The goal is to reduce patient deaths and hospitalizations by giving people with conditions such as heart disease a way to monitor their symptoms and address them before they become more serious. A panel will approve the first batch of 10 to 15 devices and apps in late 2016, The Guardian reported. They will be available to patients in England starting in April 2017.
NHS England CEO Simon Stevens is hoping people who already use mobile apps such as Uber will adopt a digital approach to their health as well. If the devices and apps are widely used, they could save tens of thousands of lives a year, Stevens said, as cited by The Guardian.
AliveCor’s smartphone-based electrocardiogram devices for the monitoring of atrial fibrillation are being considered for the scheme. Afib causes one-fifth of the 110,000 strokes that occur each year in England and costs the NHS more than £2.2 billion ($3.2 billion) to treat, according to The Guardian. The NHS is already providing patients in Portsmouth with the app MyCOPD to help people with chronic obstructive pulmonary disease, such as emphysema, manage their conditions.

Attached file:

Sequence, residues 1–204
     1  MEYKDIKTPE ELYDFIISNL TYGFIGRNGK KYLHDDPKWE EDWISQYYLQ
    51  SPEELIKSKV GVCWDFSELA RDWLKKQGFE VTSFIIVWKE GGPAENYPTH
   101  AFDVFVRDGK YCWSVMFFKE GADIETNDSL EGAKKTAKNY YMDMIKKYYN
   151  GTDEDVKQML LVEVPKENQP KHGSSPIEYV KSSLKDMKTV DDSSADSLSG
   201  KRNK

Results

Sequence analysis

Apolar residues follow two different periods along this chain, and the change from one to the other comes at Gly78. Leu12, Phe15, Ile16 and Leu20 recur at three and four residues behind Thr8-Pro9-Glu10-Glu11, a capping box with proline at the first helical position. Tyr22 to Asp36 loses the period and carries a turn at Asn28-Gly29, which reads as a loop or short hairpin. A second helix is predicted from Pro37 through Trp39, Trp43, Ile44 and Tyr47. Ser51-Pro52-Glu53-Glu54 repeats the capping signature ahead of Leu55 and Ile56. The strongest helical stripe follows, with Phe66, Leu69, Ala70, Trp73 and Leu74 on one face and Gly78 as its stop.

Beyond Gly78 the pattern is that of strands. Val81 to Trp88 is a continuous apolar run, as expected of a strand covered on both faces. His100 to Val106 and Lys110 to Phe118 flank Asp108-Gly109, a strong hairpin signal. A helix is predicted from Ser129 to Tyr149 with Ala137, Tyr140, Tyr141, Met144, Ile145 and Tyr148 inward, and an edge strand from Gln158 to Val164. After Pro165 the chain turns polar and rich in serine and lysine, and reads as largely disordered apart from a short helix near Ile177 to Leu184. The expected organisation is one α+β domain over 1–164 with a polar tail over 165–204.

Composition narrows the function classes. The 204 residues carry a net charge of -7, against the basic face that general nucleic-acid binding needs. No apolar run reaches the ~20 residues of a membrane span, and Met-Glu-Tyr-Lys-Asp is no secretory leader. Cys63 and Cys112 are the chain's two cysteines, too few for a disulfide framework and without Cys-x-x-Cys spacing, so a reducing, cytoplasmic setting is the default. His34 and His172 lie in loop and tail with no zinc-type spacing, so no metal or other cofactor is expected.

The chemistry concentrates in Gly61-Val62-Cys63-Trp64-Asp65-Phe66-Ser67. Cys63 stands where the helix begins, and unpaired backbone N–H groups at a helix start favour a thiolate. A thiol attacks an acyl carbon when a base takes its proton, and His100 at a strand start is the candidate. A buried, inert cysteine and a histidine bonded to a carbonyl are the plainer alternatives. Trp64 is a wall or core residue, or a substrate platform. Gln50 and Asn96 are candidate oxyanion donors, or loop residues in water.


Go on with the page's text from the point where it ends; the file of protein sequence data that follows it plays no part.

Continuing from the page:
To incentivize hospitals and tech companies to hit the ground running, Stevens will announce an overhaul of the health service’s payment system, The Guardian reported. He will implement a “tariff”–the reimbursement a hospital receives for treatments–to encourage hospitals to use the technology more. And there is an opportunity for devices in development to be fast-tracked. In fact, AliveCor’s smartphone ECGs have already received fast-track designation.
The NHS’ drive to integrate digital health has had some hiccups, though. It previously made an effort to convert to electronic medical records, which failed. However, in 2016 alone, the health service has been pouring cash into med tech and digital health. In March, the health service launched the DigitalHealth London Accelerator, a program to encourage digital health companies to engage with the NHS to develop products to better meet the NHS’ needs. And in February 2016, the NHS pledged a total of £4.2 billion ($6 billion) in a range of digital health initiatives, including £750 million ($1.1 billion) on updating remote care, £250 million on data for outcomes research and £575 million to digitize the NHS and integrate apps and telehealth.
REFERENCE: Fierce Medical Devices; 20 JUN 2016; Amirah Al Idrus